Renal Failure and Transplantation

Chapter 118

Renal Failure and Transplantation

Acute Renal Failure

Overview: Acute renal failure is defined as a sudden loss of renal function that may be due to inadequate renal perfusion, renal cell injury, or obstruction to urine flow. Recently, the term “acute kidney injury” (AKI) has been proposed to replace the term acute renal failure and is gaining wide acceptance.1 AKI usually develops in hospitalized children as a result of systemic illness or its treatment and not from primary renal disease. The most common causes of AKI in children are renal ischemia, nephrotoxic drugs, and sepsis.2 Other important causes are listed in Box 118-1. AKI from any cause can lead to chronic kidney disease.37 Recovery of renal function depends on the underlying events leading to injury.

Intrinsic Renal Disease: Renal ischemia due to a prolonged prerenal injury or a severe hypoxic/ischemic insult can lead to acute tubular necrosis. Imaging findings depend on the severity of parenchymal injury. A generalized increase in renal cortical echogenicity indicates intrinsic renal disease (Fig. 118-1). In mild cases, the kidneys may appear normal or may demonstrate slightly increased renal cortical echogenicity. Decreased corticomedullary differentiation may be noted. Doppler flow may be normal in mild disease, whereas poor peripheral perfusion and diminished arterial diastolic flow due to increased peripheral vascular resistance occur in more severe cases.

Nephrotoxic drugs commonly associated with AKI include antibiotics, chemotherapeutic agents, and nonsteroidal antiinflammatory medications.8 Some agents such as aminoglycoside antibiotics cause tubular injury. Methicillin and other penicillin analogues, cimetidine, sulfonamides, rifampin, and nonsteroidal antiinflammatory drugs may cause acute interstitial nephritis, which is thought to be related to a hypersensitivity reaction with development of antitubular basement membrane antibodies in some cases. Children with acute lymphocytic leukemia and B-cell lymphoma are at risk for the development of uric acid nephropathy and tumor lysis syndrome. One mechanism of injury believed to be of importance in uric acid nephropathy is precipitation of uric acid crystals in the renal microvasculature leading to obstruction of renal blood flow, or precipitation in the renal tubules leading to obstruction of urine flow. Tumor lysis syndrome is a constellation of metabolic abnormalities resulting from spontaneous or treatment-related tumor necrosis. As tumor cells are lysed, rapid increases in serum potassium, uric acid, and phosphorus occur, with a decrease in serum calcium. Patients who are treated with allopurinol, a purine analog used to diminish the excretion of uric acid, instead excrete large quantities of the uric acid precursors xanthine and hypoxanthine. Precipitation of these compounds is thought to play a role in the development of AKI. In patients who are in septic shock, AKI can develop from hypotension, leading to renal ischemia and acute tubular necrosis, or AKI can develop as a result of the use of nephrotoxic medications.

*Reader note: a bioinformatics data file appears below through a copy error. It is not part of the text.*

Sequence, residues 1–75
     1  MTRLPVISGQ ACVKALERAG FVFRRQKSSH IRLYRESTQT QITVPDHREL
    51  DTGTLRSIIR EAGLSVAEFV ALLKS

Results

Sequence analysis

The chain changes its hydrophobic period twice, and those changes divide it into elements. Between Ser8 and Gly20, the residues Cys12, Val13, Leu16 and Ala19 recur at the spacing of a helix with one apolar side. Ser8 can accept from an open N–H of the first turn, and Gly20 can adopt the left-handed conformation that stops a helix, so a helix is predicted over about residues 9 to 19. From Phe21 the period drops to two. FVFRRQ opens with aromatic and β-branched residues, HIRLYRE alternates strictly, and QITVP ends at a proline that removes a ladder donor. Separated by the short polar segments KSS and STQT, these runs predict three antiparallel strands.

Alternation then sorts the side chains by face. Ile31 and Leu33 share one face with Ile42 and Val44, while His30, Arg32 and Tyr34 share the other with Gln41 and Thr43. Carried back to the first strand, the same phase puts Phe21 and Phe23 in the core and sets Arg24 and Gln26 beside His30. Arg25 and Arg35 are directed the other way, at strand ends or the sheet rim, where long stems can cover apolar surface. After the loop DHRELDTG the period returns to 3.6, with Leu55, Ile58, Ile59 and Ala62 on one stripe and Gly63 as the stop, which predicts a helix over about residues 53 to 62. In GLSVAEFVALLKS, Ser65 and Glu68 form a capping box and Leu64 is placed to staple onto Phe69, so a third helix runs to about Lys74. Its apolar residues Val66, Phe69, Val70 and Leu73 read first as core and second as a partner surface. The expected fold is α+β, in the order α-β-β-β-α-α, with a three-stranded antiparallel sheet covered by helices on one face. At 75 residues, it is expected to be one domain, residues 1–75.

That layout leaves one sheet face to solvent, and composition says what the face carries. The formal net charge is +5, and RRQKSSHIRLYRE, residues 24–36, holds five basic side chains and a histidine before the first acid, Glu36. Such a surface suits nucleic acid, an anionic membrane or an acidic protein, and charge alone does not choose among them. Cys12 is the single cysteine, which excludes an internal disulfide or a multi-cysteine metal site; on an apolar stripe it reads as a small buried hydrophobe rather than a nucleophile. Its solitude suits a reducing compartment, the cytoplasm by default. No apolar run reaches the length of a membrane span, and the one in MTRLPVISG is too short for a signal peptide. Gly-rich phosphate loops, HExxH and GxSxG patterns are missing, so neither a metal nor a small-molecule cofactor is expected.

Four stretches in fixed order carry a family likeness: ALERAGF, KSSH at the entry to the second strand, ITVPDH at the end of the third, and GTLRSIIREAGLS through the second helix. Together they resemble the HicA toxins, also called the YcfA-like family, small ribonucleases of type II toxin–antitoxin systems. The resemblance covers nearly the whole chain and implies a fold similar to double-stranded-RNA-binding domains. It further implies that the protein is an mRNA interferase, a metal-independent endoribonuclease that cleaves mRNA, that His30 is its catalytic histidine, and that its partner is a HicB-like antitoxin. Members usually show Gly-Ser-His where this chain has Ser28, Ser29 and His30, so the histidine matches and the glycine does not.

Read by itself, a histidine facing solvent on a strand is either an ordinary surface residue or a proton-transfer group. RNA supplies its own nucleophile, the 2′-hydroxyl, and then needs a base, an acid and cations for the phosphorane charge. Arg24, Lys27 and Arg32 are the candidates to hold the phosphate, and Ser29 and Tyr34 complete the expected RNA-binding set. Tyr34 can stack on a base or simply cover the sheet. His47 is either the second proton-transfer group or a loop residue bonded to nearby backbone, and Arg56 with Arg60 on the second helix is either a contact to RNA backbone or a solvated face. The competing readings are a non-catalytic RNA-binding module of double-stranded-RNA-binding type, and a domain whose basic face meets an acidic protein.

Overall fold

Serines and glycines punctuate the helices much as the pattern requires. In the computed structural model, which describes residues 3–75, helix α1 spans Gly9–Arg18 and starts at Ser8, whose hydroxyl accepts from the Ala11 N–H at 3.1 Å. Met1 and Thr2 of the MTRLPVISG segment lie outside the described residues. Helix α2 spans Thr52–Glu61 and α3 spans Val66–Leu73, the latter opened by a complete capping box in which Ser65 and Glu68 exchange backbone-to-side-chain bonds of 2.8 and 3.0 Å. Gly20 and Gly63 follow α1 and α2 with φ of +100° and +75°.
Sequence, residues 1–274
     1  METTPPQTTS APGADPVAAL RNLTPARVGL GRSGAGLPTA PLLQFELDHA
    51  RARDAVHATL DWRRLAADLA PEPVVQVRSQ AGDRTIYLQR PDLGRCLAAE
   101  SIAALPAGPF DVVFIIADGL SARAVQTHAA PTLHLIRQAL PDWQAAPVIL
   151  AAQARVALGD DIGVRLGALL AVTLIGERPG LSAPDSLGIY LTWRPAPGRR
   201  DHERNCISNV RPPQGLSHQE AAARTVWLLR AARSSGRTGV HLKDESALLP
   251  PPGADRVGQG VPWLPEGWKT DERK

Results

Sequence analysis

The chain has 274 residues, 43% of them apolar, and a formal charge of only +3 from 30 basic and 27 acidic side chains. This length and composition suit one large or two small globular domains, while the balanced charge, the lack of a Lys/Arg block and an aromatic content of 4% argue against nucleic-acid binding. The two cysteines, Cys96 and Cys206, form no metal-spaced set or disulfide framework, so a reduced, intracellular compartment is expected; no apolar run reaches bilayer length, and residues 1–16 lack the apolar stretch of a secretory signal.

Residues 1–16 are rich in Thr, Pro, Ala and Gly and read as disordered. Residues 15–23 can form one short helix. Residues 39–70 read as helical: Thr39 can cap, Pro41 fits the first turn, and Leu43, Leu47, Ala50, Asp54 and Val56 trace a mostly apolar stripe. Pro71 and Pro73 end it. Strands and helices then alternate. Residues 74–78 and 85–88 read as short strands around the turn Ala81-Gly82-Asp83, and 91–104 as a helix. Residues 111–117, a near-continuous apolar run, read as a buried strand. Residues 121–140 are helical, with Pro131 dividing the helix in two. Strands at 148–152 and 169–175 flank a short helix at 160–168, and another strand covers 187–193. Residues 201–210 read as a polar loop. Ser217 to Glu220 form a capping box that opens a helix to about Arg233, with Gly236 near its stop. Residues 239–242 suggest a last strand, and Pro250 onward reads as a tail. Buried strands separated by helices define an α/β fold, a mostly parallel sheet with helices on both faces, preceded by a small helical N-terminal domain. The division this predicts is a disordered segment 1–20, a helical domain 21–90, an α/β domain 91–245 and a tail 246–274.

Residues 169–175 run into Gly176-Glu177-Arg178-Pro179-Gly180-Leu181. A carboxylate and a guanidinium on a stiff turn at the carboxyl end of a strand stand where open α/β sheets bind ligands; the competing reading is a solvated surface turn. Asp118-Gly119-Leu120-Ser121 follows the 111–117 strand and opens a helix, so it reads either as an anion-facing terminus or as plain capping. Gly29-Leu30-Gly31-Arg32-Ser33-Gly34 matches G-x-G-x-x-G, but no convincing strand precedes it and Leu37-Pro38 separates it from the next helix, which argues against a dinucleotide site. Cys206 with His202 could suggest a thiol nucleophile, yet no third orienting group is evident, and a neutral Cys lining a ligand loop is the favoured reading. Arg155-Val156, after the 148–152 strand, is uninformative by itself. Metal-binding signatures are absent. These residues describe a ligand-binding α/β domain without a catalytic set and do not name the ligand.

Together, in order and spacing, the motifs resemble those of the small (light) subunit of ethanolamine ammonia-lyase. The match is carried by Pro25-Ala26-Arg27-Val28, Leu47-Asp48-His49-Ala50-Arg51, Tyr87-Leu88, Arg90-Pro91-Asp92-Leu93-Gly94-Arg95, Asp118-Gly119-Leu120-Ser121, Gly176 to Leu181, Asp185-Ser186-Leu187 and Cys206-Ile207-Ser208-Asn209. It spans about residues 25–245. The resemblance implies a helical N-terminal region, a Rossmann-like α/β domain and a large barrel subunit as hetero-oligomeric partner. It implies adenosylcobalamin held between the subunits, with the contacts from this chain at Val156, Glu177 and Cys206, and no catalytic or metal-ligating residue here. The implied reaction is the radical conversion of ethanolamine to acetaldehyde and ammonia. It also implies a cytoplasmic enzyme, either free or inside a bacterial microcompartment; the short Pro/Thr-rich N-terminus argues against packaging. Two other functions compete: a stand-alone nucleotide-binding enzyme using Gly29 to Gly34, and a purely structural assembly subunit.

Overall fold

Chronic Renal Failure

Overview: The terms “chronic renal failure” and “chronic renal insufficiency” have been used historically to describe varying degrees of renal dysfunction. Currently, the term chronic kidney disease (CKD) is used by both adult and pediatric nephrology communities throughout the world.11 The classification of CKD published by the National Kidney Foundation’s Kidney Disease Outcomes Quality Initiative is based on the estimated glomerular filtration rate and is applicable to children older than 2 years and to adults.12 The classification categorizes CKD into five different stages and is widely used in clinical practice (Table 118-1). Recently it has been recognized that most patients with CKD (estimated to be one in eight adults) never reach end-stage renal disease and the need for renal replacement therapy because they are at risk for accelerated cardiovascular disease and are more likely to die prematurely from cerebrovascular or cardiovascular disease.13 Therefore clinical management requires measures to diminish cardiovascular risk factors in both adult and pediatric patients. According to the North American Pediatric Renal Trials and Collaborative Studies 2007 report,14 the most common causes of pediatric CKD in North America are congenital disorders such as obstructive uropathy, renal dysplasia, and reflux nephropathy (Fig. 118-2; Table 118-2). In contrast, in Japan, 34% of pediatric CKD is due to glomerulonephritis, primary focal segmental glomerulosclerosis, and immunoglobulin A nephropathy.15 In Jordan16 and Iran,17 where consanguinity is more common, heritable disorders such as cystic kidney disease, primary hyperoxaluria, cystinosis, Alport syndrome, and congenital nephrotic syndrome represent a greater proportion of cases of CKD. In the developing world, acquired causes of CKD predominate, particularly infection-related glomerulopathies.18,19 The worldwide incidence and prevalence of CKD is greater for boys than for girls because of the higher incidence of congenital causes of CKD in boys.1421

Dec 20, 2015 | Posted by in PEDIATRIC IMAGING | Comments Off on Renal Failure and Transplantation
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